Discworld Read-Along #3: Equal Rites

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Continuing my occasional series in which I work through Terry Pratchett’s Discworld series, one book at a time.

Up next:  the third book, Equal Rites.

First Appearances:  Granny Weatherwax, witchcraft on the Disc, “headology”, the Ramptop mountains

Introduced to Discworld:  feminsim

The plot:  An old wizard walks into the remote mountain town of Bad Ass.  He goes to a blacksmith who is the 8th son of his parents and appears to be about to have an 8th son of his own.  Since 8 is the number of magic on Discworld, the wizard is looking to pass his power along to the soon-to-be-born baby before he dies.  Attending as midwife is the local witch, Granny Weatherwax.  The newborn infant is sent for, the wizard puts his staff to the baby’s hand, passes his power along, and promptly dies, all while ignoring Granny’s objections.

See, the baby was a girl.  Girls don’t become wizards.

So, after several failed attempts to destroy the wizard’s staff, Granny sees the girl Eskarina, Esk for short, has magic in her, but the wrong kind.  Wizard magic is all about fire and book learnin’, and stuff men traditionally deal with.  Granny believes women should deal with witchcraft, which has to do with herbs and the earth and healing and stuff.  She tries to teach that to young Esk, but is only so-so successful, and instead figures she needs to get Esk enrolled in Unseen University, the wizard college.

Granny is used to getting her way, even though the University has never had a female student.

Along the way, there’re problems dealing with the creatures of the Dungeon Dimensions threatening the Disc….again.

Commentary:  Among my friends who were fans of this series, the witches were favorites.  Not me, personally, as I preferred the Watch and the sheer lunacy of the Rincewind books.  This is the novel that introduced Granny Weatherwax, a woman used to getting her way.  She should.  She’s a witch, but in most cases that means doing whatever she was going to do anyway and if anyone tries to stop her, just giving the person a hard stare and tough word or often just outright ignoring other people’s objections.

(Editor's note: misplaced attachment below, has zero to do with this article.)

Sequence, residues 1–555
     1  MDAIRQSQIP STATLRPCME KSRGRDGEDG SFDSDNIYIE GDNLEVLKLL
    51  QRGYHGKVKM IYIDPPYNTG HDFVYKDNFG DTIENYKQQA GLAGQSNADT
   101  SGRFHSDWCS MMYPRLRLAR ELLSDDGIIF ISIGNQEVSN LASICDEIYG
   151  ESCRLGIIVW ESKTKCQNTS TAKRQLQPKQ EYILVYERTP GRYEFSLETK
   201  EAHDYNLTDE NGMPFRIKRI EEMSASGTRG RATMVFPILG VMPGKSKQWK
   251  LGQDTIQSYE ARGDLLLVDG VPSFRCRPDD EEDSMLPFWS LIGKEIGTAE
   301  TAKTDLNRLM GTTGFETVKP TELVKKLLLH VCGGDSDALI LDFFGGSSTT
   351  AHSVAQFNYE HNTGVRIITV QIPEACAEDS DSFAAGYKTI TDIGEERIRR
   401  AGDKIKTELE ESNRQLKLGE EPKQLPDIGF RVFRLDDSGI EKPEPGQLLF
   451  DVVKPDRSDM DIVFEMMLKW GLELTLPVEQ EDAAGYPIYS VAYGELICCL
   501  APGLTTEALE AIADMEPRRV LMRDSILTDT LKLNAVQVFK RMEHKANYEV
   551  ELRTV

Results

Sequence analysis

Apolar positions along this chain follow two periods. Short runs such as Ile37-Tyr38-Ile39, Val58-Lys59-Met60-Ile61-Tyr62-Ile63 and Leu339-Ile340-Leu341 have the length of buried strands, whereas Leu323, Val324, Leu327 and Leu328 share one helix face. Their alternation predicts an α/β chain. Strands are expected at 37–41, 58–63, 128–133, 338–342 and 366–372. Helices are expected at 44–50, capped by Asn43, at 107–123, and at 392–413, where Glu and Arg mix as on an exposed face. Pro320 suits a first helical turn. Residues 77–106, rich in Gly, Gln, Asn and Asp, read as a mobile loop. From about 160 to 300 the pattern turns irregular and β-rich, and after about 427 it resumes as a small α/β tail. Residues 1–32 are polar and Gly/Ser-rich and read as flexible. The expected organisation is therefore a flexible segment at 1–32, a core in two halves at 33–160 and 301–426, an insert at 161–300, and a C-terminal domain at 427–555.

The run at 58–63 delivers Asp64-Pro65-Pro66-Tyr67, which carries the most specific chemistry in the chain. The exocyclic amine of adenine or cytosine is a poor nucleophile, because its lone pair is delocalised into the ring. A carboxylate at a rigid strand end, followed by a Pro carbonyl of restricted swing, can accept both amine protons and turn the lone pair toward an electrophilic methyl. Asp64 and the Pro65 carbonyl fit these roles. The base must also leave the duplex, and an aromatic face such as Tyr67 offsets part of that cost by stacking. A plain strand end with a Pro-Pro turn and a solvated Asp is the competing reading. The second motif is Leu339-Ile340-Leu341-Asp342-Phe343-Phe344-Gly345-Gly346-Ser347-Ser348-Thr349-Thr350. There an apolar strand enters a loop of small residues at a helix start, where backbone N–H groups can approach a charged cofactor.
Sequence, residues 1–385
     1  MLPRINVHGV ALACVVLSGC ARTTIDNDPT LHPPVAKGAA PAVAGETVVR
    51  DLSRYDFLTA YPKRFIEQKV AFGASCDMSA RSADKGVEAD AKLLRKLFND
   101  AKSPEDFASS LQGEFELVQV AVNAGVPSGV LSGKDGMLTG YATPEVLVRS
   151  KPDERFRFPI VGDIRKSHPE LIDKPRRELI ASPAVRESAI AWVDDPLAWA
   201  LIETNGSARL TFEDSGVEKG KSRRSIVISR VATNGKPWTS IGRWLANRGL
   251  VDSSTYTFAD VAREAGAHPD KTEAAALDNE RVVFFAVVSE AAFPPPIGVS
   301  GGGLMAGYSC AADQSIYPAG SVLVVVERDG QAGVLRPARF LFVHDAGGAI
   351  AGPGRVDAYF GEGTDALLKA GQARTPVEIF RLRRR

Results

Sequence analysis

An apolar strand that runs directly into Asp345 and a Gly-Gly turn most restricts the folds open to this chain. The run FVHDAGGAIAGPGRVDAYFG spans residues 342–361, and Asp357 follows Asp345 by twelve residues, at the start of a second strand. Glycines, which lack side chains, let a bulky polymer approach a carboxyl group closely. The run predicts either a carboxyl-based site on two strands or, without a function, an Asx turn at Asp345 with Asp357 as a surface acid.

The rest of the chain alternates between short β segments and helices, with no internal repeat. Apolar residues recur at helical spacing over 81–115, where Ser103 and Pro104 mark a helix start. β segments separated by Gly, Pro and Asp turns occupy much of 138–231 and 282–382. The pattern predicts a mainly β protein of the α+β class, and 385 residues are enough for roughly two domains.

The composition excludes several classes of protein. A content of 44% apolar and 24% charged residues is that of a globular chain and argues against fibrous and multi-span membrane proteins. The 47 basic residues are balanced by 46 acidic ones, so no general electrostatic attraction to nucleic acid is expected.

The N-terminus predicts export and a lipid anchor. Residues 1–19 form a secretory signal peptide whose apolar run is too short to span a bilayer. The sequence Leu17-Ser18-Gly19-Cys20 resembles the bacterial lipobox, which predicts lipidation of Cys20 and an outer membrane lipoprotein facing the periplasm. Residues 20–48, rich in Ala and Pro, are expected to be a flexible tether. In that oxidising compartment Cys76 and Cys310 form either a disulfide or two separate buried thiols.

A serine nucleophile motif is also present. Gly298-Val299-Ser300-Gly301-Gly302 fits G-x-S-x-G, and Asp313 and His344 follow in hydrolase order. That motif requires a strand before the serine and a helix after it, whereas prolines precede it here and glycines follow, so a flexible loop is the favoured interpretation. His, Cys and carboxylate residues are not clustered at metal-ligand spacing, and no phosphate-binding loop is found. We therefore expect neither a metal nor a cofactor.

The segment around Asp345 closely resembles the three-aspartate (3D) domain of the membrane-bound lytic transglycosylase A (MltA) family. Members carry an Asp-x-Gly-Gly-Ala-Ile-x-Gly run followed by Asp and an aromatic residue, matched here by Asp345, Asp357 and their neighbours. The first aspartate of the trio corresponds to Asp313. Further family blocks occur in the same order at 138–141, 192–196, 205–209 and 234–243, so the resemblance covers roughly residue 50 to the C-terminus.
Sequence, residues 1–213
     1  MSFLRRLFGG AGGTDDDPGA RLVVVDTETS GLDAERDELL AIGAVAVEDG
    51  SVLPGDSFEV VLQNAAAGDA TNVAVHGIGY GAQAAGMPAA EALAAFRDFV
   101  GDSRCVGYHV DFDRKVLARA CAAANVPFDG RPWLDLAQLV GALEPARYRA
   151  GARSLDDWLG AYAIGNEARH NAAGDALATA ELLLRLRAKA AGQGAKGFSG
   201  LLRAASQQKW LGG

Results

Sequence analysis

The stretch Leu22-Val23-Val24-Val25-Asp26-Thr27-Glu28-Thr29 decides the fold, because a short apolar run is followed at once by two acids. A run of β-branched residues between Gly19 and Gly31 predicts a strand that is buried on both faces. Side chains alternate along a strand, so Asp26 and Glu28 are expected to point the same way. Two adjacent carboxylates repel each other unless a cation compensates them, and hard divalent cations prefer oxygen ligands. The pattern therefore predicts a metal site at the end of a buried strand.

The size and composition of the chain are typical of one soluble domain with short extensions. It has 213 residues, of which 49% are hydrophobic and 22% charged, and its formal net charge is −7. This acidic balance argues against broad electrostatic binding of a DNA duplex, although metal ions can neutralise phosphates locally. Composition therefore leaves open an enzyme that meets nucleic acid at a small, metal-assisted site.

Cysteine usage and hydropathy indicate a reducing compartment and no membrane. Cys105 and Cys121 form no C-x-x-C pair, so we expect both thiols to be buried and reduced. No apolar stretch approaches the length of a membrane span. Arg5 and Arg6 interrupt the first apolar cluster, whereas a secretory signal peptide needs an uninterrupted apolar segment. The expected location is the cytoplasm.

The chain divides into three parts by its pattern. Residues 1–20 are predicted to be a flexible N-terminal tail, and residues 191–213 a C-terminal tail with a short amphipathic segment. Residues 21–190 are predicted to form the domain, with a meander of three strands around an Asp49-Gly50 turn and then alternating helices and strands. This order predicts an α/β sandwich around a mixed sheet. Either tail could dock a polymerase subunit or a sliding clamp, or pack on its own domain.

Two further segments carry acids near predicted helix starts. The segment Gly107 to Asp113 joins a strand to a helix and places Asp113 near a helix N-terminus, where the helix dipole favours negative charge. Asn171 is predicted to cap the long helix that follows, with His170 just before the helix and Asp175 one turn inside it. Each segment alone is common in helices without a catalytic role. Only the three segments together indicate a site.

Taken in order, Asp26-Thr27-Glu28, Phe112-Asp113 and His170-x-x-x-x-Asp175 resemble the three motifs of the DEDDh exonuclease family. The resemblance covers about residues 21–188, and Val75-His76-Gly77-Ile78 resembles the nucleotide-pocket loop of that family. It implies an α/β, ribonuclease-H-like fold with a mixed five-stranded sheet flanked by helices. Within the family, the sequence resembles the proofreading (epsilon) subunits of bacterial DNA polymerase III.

This Granny isn’t that Granny yet.  Besides the fact that the rest of her coven (Nanny Ogg and Magrat) haven’t been introduced yet, Esmerelda Weatherwax here shows signs of being the Granny the fans love, but she isn’t there yet.  This Granny is a little more befuddled and shows more characteristics of Nanny Ogg at times than she does of classic Granny.  She also gets involved in a magic duel with the Archchancelor of Unseen University, the one-off character of Cutangle.  Then they team up.  And she’s even nice to someone here and there.  That isn’t Granny.

What Granny-ism that is intact is Granny’s practice of what she calls headology.  Headology, she explains, is a witch’s real power.  It has more to do with psyching an opponent out than using magic.  Not using magic is something of Granny’s thing.  She certainly can use magic.  She simply opts not to and implies how dangerous she is to other people with her witch’s wardrobe, stern looks, and the occasional cross word.  So, the prototype of Granny seen here will evolve into the character most fans recognize, perhaps as soon as the next Witches book which I haven’t read in a while.

It’s probably worth noting that I said in the previous entry that the Librarian of Unseen University (who does appear in this book as well) may be the most or even only competent mortal being on the Disc.  I’m going to have to revisit that concept with Granny Weatherwax.  Granny isn’t incompetent, but she’s used to doing things her way and not other people’s.  There’s a difference.

Speaking of not having read stuff in a while, I don’t know if the Dungeon Dimension Things appear again after this book, but they aren’t really the sort of things that fit into this series, so I am hoping not.  Legitimate threats to the existence of the Disc don’t seem to belong here, unless they are also funny, and the Dungeon Dimension isn’t exactly a funny place.  These things would be more at home in another fantasy novel.

However, one of Pratchett’s continuing themes is, “Well, why can’t a person do this?”  He’ll apply it many, many times to different settings, but the theme is repeated quite a bit here as Esk keeps asking why a woman can’t be a wizard, or a man a witch for that matter.  First Granny has no satisfactory answer for that, and later the wizards don’t either.  This line of reasoning keeps suggesting it is talent and desire that allows people to be what they want to be, and not arbitrary things like tradition and the stupidity of others.  The City Watch will probably get more out of this than Granny and the witches will, but for now, there’s a girl enrolled in Unseen University.

This may have been the shortest book so far, so there may not be more to say about this novel at this point.  Next time we see Granny, I am sure we’ll have forgotten about her being a guest lecturer at the University from time to time, she’ll be more into broomstick flight, and her coven will be there.  That’s when the real Granny Weatherwax comes out to play.

Next book:  After mostly holding cameos and supporting roles, Death gets the spotlight as he decides to get an apprentice in Mort.  I still have a handful of paper copies of the various books, and this is the first one of the series where I won’t need to download a new copy to my Kindle.  Keep an eye out for the next update to tell when this book will be covered here at Gabbing Geek.

Previous entries:

The Color of Magic

The Light Fantastic

 

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